Components of city-size wage differentials, 1973-1988
AbstractAn exploration of why workers in large cities are more highly paid than their rural counterparts. The authors decompose city-size wage differentials into the portion due to worker traits and the portion due to intercity differences in wage structures and find that differences in worker-attribute prices account for most of the disparity.
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Bibliographic InfoArticle provided by Federal Reserve Bank of Cleveland in its journal Economic Review.
Volume (Year): (1991)
Issue (Month): Q IV ()
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- Sahling, Leonard G & Smith, Sharon P, 1983. "Regional Wage Differentials: Has the South Risen Again?," The Review of Economics and Statistics, MIT Press, vol. 65(1), pages 131-35, February.
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- Beeson, Patricia E., 1990. "Sources of the decline of manufacturing in large metropolitan areas," Journal of Urban Economics, Elsevier, vol. 28(1), pages 71-86, July.
- Cropper, M. L. & Arriaga-Salinas, A. S., 1980. "Inter-city wage differentials and the value of air quality," Journal of Urban Economics, Elsevier, vol. 8(2), pages 236-254, September.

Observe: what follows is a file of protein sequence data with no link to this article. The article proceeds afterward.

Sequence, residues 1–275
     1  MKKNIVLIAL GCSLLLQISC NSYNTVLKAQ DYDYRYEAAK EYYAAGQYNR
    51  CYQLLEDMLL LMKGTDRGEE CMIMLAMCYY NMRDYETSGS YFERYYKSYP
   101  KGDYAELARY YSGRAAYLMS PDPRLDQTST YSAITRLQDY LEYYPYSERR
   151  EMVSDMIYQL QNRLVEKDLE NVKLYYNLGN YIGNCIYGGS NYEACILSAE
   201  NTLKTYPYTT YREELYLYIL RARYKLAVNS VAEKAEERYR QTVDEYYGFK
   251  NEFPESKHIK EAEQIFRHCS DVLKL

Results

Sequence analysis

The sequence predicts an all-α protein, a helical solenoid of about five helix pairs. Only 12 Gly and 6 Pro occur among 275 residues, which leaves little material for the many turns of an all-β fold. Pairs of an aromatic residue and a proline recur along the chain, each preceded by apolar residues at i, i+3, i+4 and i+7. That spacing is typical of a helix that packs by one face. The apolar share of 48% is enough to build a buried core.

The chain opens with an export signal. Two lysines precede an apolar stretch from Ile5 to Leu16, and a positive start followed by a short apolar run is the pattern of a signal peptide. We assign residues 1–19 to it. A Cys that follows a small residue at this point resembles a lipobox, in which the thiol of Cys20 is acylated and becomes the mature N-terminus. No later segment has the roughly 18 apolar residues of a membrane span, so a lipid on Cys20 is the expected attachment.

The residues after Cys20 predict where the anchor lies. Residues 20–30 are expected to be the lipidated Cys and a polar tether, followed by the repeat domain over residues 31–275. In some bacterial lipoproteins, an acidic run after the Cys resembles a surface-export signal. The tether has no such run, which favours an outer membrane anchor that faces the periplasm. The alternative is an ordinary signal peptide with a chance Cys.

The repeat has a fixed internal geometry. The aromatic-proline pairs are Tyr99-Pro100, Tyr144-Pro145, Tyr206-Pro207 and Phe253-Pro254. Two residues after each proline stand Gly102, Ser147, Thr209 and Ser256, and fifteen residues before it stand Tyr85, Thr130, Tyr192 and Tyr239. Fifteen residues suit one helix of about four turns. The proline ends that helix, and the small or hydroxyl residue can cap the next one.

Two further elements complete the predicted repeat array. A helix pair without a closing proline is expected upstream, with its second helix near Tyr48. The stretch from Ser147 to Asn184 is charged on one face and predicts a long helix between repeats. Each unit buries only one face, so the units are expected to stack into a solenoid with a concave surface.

- Henderson, J. Vernon, 1991. "Urban Development: Theory, Fact, and Illusion," OUP Catalogue, Oxford University Press, number 9780195069020.
- Lynn E. Browne, 1989. "Shifting regional fortunes: the wheel turns," New England Economic Review, Federal Reserve Bank of Boston, issue May, pages 27-40.
- Randall W. Eberts, 1989. "Accounting for the recent divergence in regional wage differentials," Economic Review, Federal Reserve Bank of Cleveland, issue Q III, pages 14-26.
- Dickie, M. & Gerking, S.D., 1987. "Interregional wage differentials: An equilibrium perspective," Open Access publications from Tilburg University urn:nbn:nl:ui:12-4742812, Tilburg University.
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